III. Together with its statement of grounds of appeal, appellant I filed a main request and auxiliary requests 1 to 3, all dated 24 November 2006.
IV. In its statement of grounds, appellant I complained that the opposition division committed a substantial procedural violation at the oral proceedings held before it in contravention of Article 113(1) EPC and requested refund of the appeal fee under Rule 67 EPC 1973.
V. Both appellants II and III filed their statements of grounds.
VI. In reply to the statements of grounds of appellants II and III, appellant I filed additional submissions which were accompanied by three further auxiliary requests numbered 4 to 6, all dated 16 April 2007.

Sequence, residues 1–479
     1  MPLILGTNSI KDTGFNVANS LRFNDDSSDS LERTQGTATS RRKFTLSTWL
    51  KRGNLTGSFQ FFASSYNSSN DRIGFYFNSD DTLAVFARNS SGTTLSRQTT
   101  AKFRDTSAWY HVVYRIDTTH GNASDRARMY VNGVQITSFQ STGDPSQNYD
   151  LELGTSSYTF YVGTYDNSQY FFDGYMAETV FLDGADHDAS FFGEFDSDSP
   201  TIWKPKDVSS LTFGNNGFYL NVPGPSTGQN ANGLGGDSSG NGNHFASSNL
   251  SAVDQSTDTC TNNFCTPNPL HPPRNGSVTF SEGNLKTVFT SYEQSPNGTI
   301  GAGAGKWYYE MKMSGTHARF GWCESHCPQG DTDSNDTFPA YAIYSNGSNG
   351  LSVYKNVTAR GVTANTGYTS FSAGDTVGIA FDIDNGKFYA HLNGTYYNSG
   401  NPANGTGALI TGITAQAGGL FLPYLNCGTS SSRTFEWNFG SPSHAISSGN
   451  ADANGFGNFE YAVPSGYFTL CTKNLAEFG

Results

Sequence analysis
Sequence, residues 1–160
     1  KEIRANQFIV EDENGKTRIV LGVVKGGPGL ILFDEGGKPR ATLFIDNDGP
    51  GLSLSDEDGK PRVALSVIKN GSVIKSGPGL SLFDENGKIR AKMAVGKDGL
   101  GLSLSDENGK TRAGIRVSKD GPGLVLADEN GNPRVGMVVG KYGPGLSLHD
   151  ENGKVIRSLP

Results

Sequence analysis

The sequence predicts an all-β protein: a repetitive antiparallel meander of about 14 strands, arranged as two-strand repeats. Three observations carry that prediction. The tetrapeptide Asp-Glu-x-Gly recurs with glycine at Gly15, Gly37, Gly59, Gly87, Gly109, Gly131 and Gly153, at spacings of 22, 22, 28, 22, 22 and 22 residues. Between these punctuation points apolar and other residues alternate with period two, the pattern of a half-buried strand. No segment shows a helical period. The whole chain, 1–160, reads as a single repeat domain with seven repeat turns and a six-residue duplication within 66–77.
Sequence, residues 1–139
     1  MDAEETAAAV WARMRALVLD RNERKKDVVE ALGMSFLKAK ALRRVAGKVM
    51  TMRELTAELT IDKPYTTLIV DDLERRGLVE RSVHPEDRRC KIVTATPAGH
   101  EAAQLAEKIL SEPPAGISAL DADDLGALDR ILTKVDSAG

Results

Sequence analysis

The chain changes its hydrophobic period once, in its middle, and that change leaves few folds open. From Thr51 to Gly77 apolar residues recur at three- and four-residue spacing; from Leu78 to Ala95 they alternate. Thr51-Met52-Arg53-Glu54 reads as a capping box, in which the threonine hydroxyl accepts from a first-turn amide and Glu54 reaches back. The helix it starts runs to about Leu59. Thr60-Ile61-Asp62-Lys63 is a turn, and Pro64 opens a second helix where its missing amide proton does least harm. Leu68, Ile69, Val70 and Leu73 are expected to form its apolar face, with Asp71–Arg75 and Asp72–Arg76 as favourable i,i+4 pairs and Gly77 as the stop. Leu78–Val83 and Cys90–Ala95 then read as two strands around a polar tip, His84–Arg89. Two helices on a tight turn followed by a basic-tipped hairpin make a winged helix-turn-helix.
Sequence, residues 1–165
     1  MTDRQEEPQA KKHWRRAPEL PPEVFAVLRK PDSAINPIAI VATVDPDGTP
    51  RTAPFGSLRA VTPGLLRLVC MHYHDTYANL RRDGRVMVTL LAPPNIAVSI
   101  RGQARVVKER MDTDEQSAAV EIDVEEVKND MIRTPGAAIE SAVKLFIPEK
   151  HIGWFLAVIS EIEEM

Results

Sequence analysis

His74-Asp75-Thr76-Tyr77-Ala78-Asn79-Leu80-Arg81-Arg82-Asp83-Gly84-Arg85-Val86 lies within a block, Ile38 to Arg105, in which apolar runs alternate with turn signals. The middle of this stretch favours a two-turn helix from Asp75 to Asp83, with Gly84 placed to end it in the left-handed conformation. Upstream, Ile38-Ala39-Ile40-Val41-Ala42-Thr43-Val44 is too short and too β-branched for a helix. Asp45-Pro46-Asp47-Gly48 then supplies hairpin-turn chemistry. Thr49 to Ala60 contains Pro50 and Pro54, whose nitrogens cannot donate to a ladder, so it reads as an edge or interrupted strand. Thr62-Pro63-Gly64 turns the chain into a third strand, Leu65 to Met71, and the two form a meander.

VII. Each of appellants II and III replied to appellant I's statement of grounds and filed additional written submissions.
VIII. The board issued a communication pursuant to Article 15(1) of the Rules of Procedure of the Boards of Appeal in which provisional and non-binding opinions were expressed.
IX. In reply to that communication, appellants I and II filed additional submissions. Appellant I also filed a main request and auxiliary requests 1 to 6, all dated 28 March 2008, to replace all of its previous requests.
X. Oral proceedings took place on 28 April 2008, at which appellant I also filed a new main request (claims 1 to 8) and withdrew its request for reimbursement of the appeal fee.
Claim 1 of the main request read:
"1. An isolated biologically active human vascular endothelial growth factor-related protein (VRP) which comprises residues 1 through 399, inclusive, of Figure 1 or residues -20 through 399, inclusive, of Figure 1, and which binds to and stimulates the phosphorylation of receptor tyrosine kinase Flt4."